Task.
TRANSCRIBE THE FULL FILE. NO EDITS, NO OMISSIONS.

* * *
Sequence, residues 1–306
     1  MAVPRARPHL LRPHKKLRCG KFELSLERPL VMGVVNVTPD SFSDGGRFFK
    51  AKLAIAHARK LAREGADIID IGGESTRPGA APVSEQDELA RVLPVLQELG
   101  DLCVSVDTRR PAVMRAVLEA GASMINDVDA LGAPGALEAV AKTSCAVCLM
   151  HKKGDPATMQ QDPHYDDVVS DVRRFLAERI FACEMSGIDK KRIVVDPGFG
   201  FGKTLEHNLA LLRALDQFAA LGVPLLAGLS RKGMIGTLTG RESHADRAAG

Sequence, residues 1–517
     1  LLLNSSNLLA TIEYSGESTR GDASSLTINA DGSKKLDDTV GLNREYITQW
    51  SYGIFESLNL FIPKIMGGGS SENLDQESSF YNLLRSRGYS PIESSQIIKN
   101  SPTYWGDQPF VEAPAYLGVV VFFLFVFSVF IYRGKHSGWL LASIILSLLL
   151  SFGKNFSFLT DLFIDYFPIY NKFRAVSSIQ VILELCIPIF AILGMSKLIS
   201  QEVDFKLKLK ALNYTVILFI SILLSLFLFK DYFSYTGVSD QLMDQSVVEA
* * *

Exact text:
Sequence, residues 1–306
     1  MAVPRARPHL LRPHKKLRCG KFELSLERPL VMGVVNVTPD SFSDGGRFFK
    51  AKLAIAHARK LAREGADIID IGGESTRPGA APVSEQDELA RVLPVLQELG
   101  DLCVSVDTRR PAVMRAVLEA GASMINDVDA LGAPGALEAV AKTSCAVCLM
   151  HKKGDPATMQ QDPHYDDVVS DVRRFLAERI FACEMSGIDK KRIVVDPGFG
   201  FGKTLEHNLA LLRALDQFAA LGVPLLAGLS RKGMIGTLTG RESHADRAAG

Sequence, residues 1–517
     1  LLLNSSNLLA TIEYSGESTR GDASSLTINA DGSKKLDDTV GLNREYITQW
    51  SYGIFESLNL FIPKIMGGGS SENLDQESSF YNLLRSRGYS PIESSQIIKN
   101  SPTYWGDQPF VEAPAYLGVV VFFLFVFSVF IYRGKHSGWL LASIILSLLL
   151  SFGKNFSFLT DLFIDYFPIY NKFRAVSSIQ VILELCIPIF AILGMSKLIS
   201  QEVDFKLKLK ALNYTVILFI SILLSLFLFK DYFSYTGVSD QLMDQSVVEA